Daikin Among First HVAC Industry Partners to Commit to Department of Energy Cold Climate Heat Pump Technology Challenge

November 8th, 2021

Daikin was honored to be featured at the New York City event where Vice President Kamala Harris joined U.S. Secretary of Energy Jennifer M. Granholm to announce the first HVAC industry partners to participate in the U.S. Department of Energy (DOE) Cold Climate Heat Pump Technology Challenge.

The challenge, which was announced in May 2021, aims to reduce the carbon footprint of cold climate heating solutions by improving the efficiency and affordability of new heat pumps. According to a DOE statement, “through this partnership, DOE will build upon recent industry advancements to accelerate the market's shift to more-efficient, clean cold-climate heat pumps for consumers and help reach the Biden Administration goal of a net-zero carbon economy by 2050.”

“I was delighted to attend yesterday’s event with Vice President Harris and Secretary Granholm,” said Takayuki (Taka) Inoue, Executive Vice President and Chief Sales and Marketing Officer, Goodman/Daikin North America. “Our technical and R&D teams are excited to take on the challenge and to accelerate the recognition of Daikin’s core inverter and heat pump technologies, as well as our proactive leadership in the adoption of lower global warming potential refrigerants.”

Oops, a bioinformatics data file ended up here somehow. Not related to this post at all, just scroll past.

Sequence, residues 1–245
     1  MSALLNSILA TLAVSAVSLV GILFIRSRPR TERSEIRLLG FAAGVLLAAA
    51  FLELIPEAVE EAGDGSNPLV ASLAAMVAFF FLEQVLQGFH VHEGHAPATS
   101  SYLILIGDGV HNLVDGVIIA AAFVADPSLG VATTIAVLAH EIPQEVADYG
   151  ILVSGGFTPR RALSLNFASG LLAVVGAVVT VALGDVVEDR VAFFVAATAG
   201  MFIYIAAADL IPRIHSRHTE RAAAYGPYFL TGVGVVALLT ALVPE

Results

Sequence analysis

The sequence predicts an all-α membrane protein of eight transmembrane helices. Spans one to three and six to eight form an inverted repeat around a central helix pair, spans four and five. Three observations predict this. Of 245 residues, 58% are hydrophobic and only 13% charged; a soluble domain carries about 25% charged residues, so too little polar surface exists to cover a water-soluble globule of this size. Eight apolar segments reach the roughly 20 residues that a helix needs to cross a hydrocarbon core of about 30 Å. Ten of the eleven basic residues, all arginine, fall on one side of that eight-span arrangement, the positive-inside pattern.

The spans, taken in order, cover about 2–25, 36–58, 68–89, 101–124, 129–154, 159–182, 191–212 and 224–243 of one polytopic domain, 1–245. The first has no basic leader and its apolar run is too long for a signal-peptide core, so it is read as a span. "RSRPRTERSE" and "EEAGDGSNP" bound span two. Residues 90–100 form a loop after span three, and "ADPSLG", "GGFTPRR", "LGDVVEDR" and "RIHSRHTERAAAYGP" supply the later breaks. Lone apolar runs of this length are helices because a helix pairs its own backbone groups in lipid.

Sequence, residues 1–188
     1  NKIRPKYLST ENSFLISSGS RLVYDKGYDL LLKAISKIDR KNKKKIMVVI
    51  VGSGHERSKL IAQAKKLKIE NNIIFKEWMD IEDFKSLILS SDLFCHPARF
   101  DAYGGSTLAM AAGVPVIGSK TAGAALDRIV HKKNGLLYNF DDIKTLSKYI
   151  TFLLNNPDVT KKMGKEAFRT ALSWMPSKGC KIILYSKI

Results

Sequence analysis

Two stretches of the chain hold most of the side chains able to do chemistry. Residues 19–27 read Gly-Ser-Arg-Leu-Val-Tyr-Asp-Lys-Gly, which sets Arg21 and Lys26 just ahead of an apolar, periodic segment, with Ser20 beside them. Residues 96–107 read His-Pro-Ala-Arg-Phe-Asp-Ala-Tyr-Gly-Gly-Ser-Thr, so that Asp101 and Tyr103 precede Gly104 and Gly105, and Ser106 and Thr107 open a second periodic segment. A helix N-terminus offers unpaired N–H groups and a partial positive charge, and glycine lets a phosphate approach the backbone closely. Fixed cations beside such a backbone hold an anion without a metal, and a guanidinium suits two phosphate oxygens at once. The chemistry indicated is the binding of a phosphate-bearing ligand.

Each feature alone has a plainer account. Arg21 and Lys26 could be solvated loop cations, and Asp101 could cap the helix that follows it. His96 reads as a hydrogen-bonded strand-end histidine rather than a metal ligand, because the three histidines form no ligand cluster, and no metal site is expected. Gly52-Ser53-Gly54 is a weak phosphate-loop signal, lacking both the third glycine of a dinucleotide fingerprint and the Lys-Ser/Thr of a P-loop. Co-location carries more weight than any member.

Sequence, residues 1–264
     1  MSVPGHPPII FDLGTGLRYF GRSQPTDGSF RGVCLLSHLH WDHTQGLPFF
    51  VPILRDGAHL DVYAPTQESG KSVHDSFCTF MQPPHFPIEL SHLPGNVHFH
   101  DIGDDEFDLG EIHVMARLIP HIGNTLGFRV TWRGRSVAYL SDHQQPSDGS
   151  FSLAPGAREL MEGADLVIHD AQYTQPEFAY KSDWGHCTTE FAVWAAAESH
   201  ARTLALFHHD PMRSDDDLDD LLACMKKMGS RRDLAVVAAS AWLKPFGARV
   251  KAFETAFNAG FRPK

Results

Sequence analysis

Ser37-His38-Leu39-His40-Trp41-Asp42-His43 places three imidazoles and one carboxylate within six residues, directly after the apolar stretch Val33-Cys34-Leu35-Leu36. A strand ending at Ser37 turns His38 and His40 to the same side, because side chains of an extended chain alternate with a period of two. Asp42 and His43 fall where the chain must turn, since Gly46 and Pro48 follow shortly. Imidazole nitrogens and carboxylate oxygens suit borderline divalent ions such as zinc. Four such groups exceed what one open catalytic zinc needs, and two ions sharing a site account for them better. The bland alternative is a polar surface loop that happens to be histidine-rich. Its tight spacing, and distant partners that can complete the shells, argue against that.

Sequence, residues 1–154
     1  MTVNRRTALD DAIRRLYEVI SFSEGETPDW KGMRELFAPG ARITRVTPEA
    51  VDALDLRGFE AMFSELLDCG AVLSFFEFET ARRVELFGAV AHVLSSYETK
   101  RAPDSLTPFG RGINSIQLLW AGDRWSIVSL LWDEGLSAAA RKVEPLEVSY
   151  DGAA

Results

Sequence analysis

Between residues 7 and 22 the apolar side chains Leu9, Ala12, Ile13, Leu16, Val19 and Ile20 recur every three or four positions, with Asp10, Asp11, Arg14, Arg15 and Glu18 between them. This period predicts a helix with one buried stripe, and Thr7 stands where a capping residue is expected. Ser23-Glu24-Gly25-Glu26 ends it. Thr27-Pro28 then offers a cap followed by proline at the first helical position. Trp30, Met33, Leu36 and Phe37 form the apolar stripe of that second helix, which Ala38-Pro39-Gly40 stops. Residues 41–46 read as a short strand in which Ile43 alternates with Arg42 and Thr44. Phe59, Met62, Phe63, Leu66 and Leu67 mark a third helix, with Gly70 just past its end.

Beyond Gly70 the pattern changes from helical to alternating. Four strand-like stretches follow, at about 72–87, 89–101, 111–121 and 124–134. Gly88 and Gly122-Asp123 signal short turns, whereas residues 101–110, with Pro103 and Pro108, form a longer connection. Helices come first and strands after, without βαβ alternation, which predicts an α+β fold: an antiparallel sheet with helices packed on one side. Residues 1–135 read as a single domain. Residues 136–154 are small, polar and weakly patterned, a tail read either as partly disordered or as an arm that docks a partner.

According to the DOE statement, the next generation of cold climate heat pumps developed under this challenge will have:
• Increased performance at cold temperatures
• Increased heating capacity at lower ambient temperatures
• More efficiency across broader range of operating conditions
• Demand flexibility (advanced controls to adjust usage on demand)
“Daikin commends the DOE for initiating the Cold Climate Heat Pump Technology Challenge,” said David Calabrese, Senior Vice President, Government Affairs, Deputy General Manager, Daikin U.S. Corporation. “This initiative will help overcome the perception that heat pumps are not effective as a sole source of heat and reinforce their overall efficacy in cold climates.”